Concentration is a learned skill, which means can be increased by training like any physical exercise! The gains in concentration are incremental and not abrupt! To make sure you’re not distracted, eliminate everything that might disturb your field of attention, like IM’s, Email, irrelevant sites and all applications that might get your attention while you’re concentrating on something, otherwise you’re just sabotaging yourself! 🙂
3. Loss of self-consciousness, merging actions and awareness.
Fully immerse yourself on the task upon you, choose projects based on your passion for them and not by the recognition you might get for doing them!
4. Distorted sense of time.
Losing awareness of time is a hard state to get into, but somethings like setting yourself to work for fixed periods of time, during which you block all distractions and interruptions (as much as possible!) seems to increase the chances of achieving the Flow and get the distorted sense of time with it.
According to Peoplewareit takes at least 15 (uninterrupted) minutes to enter a state of flow. Follow the The Power of 48 minutes rule: work in 48 minute cycles, with 12 minute breaks in between them.
Use (and abuse from) alarms clocks: set them at specific times, before you engage yourself in some task, this way you won’t keep checking the clock!
This particular component is probably why in my opinion Open-Spaces don’t bring better productivity, the more people moving and working around, the more probable it is for us to get distracted and break the Flow!
5. Direct and immediate feedback; behavior can be adjusted as needed.
Constantly check your path, inquire yourself if you’re still working on the goals you’ve set for that particular working session. Keep an eye on the desired results, as a way to keep you on track!
6. Balance between ability level and challenge.
If we set our objectives too high, the result might be an increase in anxiety, but at the same time, if we lower the challenge to much we’ll bore ourselves to failure. If the work in hands is way to easy, find a way to make it more efficient, more elegant, more innovative or simply more automated. If on the opposite side, the task is incredibly hard or large, break it into chunks and progressively engaged each one of them.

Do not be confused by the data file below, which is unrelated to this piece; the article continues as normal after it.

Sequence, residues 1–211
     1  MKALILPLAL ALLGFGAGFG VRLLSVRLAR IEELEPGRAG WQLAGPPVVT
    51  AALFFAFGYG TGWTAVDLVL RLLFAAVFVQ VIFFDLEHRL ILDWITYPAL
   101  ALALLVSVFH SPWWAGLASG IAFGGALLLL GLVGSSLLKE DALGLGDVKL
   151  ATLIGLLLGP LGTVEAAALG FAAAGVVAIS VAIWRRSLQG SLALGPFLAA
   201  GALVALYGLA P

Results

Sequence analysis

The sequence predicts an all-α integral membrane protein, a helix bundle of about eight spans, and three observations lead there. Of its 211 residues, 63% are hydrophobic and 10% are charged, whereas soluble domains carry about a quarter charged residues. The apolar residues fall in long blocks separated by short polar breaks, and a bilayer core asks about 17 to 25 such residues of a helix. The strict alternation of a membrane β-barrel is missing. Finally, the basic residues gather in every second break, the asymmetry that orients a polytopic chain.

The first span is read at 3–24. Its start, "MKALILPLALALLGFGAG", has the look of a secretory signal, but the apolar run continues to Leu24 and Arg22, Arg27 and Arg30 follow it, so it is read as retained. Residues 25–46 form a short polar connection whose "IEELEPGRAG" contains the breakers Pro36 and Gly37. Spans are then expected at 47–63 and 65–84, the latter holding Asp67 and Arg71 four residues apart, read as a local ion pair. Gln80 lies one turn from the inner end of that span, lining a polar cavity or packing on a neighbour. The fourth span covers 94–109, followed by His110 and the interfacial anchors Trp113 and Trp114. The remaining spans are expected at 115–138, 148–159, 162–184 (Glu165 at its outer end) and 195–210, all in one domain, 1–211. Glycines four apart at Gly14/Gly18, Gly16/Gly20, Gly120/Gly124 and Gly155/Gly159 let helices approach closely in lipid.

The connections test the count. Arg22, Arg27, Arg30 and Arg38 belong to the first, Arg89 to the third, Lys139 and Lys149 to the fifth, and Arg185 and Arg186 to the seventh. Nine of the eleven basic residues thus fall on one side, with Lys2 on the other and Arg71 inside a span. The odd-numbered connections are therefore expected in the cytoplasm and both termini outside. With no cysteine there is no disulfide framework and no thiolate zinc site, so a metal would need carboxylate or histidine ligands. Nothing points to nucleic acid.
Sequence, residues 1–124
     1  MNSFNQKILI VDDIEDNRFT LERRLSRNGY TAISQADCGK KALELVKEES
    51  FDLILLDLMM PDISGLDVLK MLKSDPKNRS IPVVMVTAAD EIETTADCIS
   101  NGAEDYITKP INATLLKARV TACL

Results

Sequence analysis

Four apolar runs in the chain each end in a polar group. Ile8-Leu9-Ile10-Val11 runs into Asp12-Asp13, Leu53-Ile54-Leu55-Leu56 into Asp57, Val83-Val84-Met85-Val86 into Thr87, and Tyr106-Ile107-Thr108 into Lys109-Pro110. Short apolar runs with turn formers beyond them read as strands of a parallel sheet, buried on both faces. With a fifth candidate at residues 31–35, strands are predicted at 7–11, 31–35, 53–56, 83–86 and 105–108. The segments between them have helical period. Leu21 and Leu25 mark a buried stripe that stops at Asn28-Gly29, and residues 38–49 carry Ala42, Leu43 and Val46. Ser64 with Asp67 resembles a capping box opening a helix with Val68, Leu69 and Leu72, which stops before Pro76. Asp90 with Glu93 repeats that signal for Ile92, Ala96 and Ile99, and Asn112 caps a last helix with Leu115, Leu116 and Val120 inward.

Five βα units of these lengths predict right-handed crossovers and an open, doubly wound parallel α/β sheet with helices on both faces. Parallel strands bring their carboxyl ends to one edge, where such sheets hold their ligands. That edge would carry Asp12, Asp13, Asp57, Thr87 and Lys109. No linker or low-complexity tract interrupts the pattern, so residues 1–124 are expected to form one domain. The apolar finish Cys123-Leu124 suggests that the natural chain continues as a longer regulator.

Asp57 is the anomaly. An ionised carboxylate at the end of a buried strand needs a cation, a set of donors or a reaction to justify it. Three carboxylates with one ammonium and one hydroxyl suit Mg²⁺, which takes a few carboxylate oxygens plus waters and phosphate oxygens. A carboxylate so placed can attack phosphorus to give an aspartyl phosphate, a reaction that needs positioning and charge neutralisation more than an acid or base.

7. A sense of personal control over the situation or activity.
This is a tricky factor, it’s one of the reasons why I’ve switched from Windows to MacOSX, the operating system from Apple, it enables me and doesn’t get in my way with stuff that’s not related to my work. Tools should be enablers and not something that get in our way. Different people, makes different uses from the same tools, so we should all search for the right tools for each job. The tool should be handled by your subconscious while the conscious mind is solely focused on the task in hands.
8. Intrinsically rewarding action, so there is an effortlessness of action.
- If you’re lucky enough to pick and choose your projects, choose them for the love, not the money.
- Even if you can’t choose what you do, you still have a degree of freedom in how you do it. Learn to develop and improve your style.
- Once you’ve become good at triggering the Flow state, Flow will become a reward within itself.
9. Focus of awareness is narrowed down to the activity itself.
As soon as our mind start wandering around, we should tame it and get her focused again, which as Janette suggested one of the hardest skills to attain.
The demand for easy access to the Flow obviously depends on practice! Lots of it! We need to have a conscious and inquiring mind about the way we work, about how we spend our attention. In the end, achieving this highly creative state isn’t a blessing, but a skill which requires training!
This are some of the notes I took from Janette‘s presentation and I really wanna thank her for the presentation, but anyone really want to know a bit more, just go ahead and read her entire presentation.